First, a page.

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Clinical Case Report
34 (
3
); 267-269
doi:
10.4103/ijn.ijn_294_23

An Abysmal Quadrad: A Rare Case of Ankylosing Spondylitis, Ulcerative Colitis, and Takayasu Aortoarteritis Complicated by Secondary Renal Amyloidosis

Department of Nephrology, Vardhman Mahavir Medical College and Safdarjung Hospital, New Delhi, Delhi, India
Department of Pathology, G. B. Pant Institute of Post-Graduation and Research, New Delhi, Delhi, India
Corresponding author: Dr. Pallavi Prasad, MD, DNB (Nephrology), Assistant Professor, Vardhman Mahavir Medical College and Safdarjung Hospital, Ansari Nagar East, Near to AIIMS Metro Station, New Delhi - 110 029, Delhi, India. E-mail: pallaviprasad1986@gmail.com
Licence
This is an open access journal, and articles are distributed under the terms of the Creative Commons Attribution-NonCommercial-ShareAlike 4.0 License, which allows others to remix, tweak, and build upon the work non-commercially, as long as appropriate credit is given and the new creations are licensed under the identical terms.

How to cite this article: Banker H, Prasad P, Kumar A, Mahajan S, Kumar R, Batra V. An Abysmal Quadrad: A Rare Case of Ankylosing Spondylitis, Ulcerative Colitis, and Takayasu Aortoarteritis Complicated by Secondary Renal Amyloidosis. Indian J Nephrol. 2024;34:267–9. doi: 10.4103/ijn.ijn_294_23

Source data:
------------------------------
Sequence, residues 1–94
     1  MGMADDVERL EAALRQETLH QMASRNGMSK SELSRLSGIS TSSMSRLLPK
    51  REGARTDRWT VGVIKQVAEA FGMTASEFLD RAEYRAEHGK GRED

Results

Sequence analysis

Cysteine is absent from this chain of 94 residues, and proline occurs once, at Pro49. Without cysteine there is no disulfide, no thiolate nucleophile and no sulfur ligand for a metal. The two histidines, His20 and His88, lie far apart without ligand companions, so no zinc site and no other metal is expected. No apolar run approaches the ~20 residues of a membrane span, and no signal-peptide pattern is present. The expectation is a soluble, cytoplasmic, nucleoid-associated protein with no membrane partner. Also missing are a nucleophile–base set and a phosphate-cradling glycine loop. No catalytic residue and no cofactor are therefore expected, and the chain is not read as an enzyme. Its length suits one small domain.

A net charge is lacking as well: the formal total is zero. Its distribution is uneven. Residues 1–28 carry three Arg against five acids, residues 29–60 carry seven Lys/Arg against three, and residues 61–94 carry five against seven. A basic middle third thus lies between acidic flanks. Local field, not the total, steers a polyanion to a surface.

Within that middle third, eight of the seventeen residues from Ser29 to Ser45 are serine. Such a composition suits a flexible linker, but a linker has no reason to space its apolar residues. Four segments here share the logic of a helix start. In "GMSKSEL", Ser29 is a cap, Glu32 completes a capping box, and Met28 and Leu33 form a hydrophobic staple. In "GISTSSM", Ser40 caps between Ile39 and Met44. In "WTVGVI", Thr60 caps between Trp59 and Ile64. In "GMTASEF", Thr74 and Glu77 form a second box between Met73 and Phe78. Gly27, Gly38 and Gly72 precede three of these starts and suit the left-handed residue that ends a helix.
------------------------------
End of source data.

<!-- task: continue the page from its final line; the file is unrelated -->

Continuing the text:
Abstract

Ankylosing Spondylitis (AS) is a chronic inflammatory arthritis that typically manifests in young males and may present with extra-articular manifestations. Takayasu aortoarteritis (TA) is a large vessel vasculitis that predominantly affects young and middle-aged females. Despite the limited number of studies examining the potential association between these two diseases, we report a unique case of an individual with ankylosing spondylitis and ulcerative colitis who subsequently developed Takayasu aortoarteritis. This progression ultimately led to the development of secondary renal amyloidosis, attributed to a combination of inflammatory pathologies.

Keywords

Ankylosing spondylitis
amyloidosis
Takayasu
vasculitis
aortoarteritis

Introduction

Ankylosing spondylitis (AS) is a chronic inflammatory disorder primarily affecting the axial skeleton. It is strongly associated with human leukocyte antigen (HLA) B27 and related conditions such as inflammatory bowel disease (IBD), reactive arthritis, and uveitis. Takayasu aortoarteritis (TA) is a large vessel vasculitis that primarily affects the aorta and its major branches. In this report, we present a rare case of a young male with AS and ulcerative colitis (UC), who later developed TA, the combination of which culminated into renal amyloidosis (RA).

Case Report